In the wood-paneled confines of courtroom two in the Humboldt County Courthouse last Wednesday, Shelby Allen sat in the juror's box, handcuffed at the wrist to another female prisoner. On either side sat several linked pairs of male prisoners in bright orange jumpsuits. Allen, in a short-sleeve navy blue jumpsuit, her hair slightly matted and shoulders hunched, stared blankly across the room toward those who'd gathered for the hearings. Her mother, Janis Allen, was there, as were Reed and Moberg. When the judge called her name, she stood. No, she told him, she didn't have a lawyer. Yes, she would like one. No, she can't afford one. After quietly conferring with her public defender, Allen pleaded not guilty to violating California Penal Code section 487(e) -- felony grand theft of a dog (or dogs).

As the bailiff led her from the courtroom through a glass hallway, she spotted her mom, and her eyes lit up. She smiled and, with her free hand, waived.

"My daughter's an animal lover," Janis Allen said after the hearing. "She'd never take anybody's dog." All she knew of Sadowsky, she said, was that he'd been treating his daughter well. Clearly shaken, Janis Allen scanned the windowless walls of the courthouse hallway, looking for a way out. Once outside, she said that things haven't been all bad for Shelby. The previous evening, a nurse had been to see her in jail. "She got to hear her baby's heartbeat yesterday for the first time!"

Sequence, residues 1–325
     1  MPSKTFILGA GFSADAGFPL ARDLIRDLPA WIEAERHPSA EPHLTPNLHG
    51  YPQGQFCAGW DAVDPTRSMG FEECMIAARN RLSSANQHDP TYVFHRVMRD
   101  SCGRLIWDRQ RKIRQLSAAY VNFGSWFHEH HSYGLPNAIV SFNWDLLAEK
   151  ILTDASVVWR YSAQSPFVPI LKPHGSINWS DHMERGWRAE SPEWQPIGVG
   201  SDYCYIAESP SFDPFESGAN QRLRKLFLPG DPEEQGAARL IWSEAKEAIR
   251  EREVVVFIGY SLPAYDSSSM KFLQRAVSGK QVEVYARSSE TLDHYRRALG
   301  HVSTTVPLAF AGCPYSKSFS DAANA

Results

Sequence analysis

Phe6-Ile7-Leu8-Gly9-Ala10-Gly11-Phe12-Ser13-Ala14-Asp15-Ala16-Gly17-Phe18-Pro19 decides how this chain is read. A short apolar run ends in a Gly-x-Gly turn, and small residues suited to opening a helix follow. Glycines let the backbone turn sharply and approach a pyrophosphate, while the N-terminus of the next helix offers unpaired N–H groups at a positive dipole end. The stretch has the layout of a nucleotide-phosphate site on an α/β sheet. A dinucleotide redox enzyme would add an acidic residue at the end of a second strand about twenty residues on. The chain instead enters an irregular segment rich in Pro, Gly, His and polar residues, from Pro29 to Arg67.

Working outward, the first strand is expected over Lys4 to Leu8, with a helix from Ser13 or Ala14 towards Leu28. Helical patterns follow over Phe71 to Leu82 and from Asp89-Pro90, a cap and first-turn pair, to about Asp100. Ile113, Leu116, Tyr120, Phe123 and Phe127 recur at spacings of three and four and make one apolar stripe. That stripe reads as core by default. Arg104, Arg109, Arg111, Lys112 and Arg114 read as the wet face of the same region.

Thursday was the bail hearing. Allen's public defender argued that she should be released on her own recognizance since she had no criminal record. The prosecuting attorney objected, saying she clearly had connections in Arizona and appeared to be setting up a new life there. The judge denied Allen's release and set bail at $25,000. Her next court date is schedule for Jan. 21.